Feature | February 16, 2012| Dave Fornell

Angiography No Longer Limited to Cardiology

Hospitals need to consider numerous specialties now using their cath labs

A big trend in angiography system enhancements is the ability to overlay 3-D reconstructed images from CT datasets on top of the live angiographic image to aid procedural navigation, as shown her in Toshiba's 3-D Roadmapping software.

GE Healthcare offers software for its angiography systems to enhance visualization of implantable devices, as seen here with an aortic stent graft.

As catheter-based, minimally invasive procedures expand rapidly beyond treatment of the coronary arteries into all areas of the human anatomy, angiography X-ray imaging systems have moved beyond their original purpose of simple vascular imaging. Today, in addition to interventional cardiology, cath labs are frequently shared by numerous specialists, including interventional radiology, interventional oncology, electrophysiology (EP), vascular surgeons and neurology.


“The days of dedicated labs are gone,” said Reaz Rasul, general manager, GE Interventional Systems. “You are going to have all kinds of surgeons and other specialties coming in and using these labs more and more.”


For this reason, GE and other vendors are now tailoring technology packages for each user, depending on what their labs are used for. These include specific technologies for EP, interventional radiology, vascular surgery, cardiology and neurology. This change in the market led GE this past fall to use a new concept name for its angiography systems, now called Innova Image Guided Systems (IGS). It introduced the IGS name during the 2011 Transcatheter Cardiovascular Therapeutics (TCT) scientific symposium.


According to the market research firm IMV Medical Information Division’s December 2011 report on angiography system market trends,[1] there were about 1,710 cath labs in the United States, which performed an estimated 4.9 million procedures in 2010. At least 50 percent of the total cath lab volume consists of noncoronary angiography procedures, IMV found.  In addition to interventional cardiologists and radiologists using the angio suite, IMV found vascular surgeons are the second most likely physician type to be using cath labs, performing procedures in more than 60 percent of the cath lab sites.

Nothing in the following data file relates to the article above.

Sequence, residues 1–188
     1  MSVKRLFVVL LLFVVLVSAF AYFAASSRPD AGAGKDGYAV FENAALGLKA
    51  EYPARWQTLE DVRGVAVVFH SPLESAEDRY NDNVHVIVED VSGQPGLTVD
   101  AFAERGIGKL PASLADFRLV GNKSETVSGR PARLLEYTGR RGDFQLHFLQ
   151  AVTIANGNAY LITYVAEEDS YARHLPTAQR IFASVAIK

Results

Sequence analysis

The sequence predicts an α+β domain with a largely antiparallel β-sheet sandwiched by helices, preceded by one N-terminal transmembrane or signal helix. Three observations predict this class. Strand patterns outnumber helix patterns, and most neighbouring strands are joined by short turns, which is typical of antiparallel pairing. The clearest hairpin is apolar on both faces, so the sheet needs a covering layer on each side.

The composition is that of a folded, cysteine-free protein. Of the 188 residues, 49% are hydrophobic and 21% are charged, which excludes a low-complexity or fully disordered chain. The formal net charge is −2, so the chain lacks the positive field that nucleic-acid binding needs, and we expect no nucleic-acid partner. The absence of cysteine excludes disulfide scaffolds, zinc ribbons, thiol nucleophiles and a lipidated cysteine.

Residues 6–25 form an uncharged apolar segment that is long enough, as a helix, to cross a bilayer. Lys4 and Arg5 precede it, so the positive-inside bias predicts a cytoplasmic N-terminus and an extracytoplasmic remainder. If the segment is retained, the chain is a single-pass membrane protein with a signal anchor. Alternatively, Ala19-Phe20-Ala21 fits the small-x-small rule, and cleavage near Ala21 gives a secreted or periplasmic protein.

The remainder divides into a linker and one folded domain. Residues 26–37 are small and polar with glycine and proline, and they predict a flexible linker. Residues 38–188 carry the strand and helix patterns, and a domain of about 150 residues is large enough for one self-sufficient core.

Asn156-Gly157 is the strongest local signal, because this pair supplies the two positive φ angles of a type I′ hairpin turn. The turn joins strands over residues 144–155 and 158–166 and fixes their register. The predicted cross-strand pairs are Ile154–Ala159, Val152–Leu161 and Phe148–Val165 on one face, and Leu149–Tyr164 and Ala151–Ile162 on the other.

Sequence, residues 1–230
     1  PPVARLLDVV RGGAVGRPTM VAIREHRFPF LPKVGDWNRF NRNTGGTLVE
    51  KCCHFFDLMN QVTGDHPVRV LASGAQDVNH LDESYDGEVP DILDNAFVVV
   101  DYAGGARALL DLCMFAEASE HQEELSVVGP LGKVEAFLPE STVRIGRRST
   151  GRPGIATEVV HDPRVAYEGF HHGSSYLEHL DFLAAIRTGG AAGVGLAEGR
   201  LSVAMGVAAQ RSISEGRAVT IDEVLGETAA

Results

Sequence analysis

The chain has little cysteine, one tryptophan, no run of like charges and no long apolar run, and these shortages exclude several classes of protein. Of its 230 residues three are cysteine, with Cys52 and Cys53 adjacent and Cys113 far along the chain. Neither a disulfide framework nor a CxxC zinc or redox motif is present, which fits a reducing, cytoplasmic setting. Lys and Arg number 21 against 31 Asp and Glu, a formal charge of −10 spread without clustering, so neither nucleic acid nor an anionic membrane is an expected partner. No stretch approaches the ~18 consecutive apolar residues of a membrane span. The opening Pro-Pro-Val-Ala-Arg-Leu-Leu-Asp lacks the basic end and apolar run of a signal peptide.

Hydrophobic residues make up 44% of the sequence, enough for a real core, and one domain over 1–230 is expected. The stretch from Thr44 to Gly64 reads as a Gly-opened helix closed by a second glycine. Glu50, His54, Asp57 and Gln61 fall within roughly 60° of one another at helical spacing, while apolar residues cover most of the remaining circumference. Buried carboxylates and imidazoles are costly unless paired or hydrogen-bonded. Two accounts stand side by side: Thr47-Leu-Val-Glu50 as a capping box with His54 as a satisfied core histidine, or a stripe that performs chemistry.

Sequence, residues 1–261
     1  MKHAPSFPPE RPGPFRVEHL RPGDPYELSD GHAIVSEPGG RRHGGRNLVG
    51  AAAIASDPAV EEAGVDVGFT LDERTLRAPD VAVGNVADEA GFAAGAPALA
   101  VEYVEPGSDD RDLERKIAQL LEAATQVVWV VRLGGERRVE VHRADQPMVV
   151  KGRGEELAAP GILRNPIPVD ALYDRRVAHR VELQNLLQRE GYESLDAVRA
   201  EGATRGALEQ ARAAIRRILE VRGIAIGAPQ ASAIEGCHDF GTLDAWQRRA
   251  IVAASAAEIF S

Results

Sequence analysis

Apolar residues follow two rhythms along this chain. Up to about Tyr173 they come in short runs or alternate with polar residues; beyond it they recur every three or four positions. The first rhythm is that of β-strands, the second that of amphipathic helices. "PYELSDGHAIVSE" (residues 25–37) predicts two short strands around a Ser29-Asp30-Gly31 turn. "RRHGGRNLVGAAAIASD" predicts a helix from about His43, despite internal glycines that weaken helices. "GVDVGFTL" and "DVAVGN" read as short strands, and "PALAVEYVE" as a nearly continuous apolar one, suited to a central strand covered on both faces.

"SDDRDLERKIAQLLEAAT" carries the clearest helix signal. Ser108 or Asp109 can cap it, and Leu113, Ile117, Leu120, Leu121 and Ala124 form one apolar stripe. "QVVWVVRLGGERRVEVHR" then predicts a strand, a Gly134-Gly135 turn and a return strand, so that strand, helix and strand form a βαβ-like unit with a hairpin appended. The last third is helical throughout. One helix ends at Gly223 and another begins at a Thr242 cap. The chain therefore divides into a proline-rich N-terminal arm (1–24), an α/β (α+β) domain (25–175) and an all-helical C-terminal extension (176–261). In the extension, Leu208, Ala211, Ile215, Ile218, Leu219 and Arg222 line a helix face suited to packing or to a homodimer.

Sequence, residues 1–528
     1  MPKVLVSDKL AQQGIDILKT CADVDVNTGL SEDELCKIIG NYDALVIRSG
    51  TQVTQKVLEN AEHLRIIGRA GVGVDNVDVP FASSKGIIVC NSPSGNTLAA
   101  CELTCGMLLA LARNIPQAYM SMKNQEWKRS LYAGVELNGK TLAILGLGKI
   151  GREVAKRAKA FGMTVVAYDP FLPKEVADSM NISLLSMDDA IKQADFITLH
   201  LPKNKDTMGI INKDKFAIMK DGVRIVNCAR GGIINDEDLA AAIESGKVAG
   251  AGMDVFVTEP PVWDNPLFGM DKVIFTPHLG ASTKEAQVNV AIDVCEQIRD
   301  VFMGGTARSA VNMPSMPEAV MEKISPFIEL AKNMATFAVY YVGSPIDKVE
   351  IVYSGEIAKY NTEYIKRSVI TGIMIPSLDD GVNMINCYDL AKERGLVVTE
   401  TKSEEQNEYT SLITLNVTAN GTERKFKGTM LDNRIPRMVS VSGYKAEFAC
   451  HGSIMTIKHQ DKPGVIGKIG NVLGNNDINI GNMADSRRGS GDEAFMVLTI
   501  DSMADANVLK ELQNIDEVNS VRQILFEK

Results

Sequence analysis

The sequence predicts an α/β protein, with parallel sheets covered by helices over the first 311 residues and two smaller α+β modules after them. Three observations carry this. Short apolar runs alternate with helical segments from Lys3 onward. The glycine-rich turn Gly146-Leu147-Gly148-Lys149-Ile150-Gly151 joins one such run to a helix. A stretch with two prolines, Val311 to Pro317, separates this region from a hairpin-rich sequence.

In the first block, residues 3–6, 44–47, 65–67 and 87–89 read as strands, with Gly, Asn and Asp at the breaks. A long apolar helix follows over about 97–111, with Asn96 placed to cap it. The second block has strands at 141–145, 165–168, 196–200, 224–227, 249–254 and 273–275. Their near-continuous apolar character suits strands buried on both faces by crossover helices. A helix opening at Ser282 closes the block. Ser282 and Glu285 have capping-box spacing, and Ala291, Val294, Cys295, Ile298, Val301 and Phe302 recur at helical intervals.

“While the total angio lab procedure volume has been relatively stable, the procedure mix has broadened,” observed Lorna Young, senior director, market research. “From 2004 to 2010, the number of peripherally inserted central catheter line/vascular access, vertebroplasty, sacroplasty, kyphoplasty, biopsy, radiofrequency (RF) tumor ablation, and other RF studies has contributed to the overall volume of procedures performed in angio labs.”


IMV report found 52 percent of cath labs have one room, 31 percent have two and 17 percent have three or more rooms. About three-quarters of planned purchases are for replacement units, and one-quarter will be additional units.


Rasul said other trends he is seeing in the market include increased concern about cost. As a reflection of the poor economy and its impact on healthcare providers, a big theme across the show floor at RSNA 2011 was an increased focus on more economical systems.
All vendors say the complexity of interventional procedures has increased, raising interest in more advanced visualization and 3-D guidance tools. More complexity also means longer imaging times, so users are more concerned about monitoring dose.


Increased EP Usage
GE Healthcare has seen a lot of growth in electrophysiology (EP) technology adoption to convert cath labs into full EP treatment facilities, said Dave Tolan, marketing manager at GE.  “The technology is really making these complex procedures more available.”


In January, GE announced a long-term agreement with Biosense Webster Inc. to co-distribute their EP systems and collaborate to enhance functional integration. GE also released the IGS 620 and 630 dedicated EP biplane angiography systems. Both offer default dose protocols optimized for EP procedures. EPVision applications also offer advanced 2-D and 3-D applications to help EPs visualize anatomy and devices.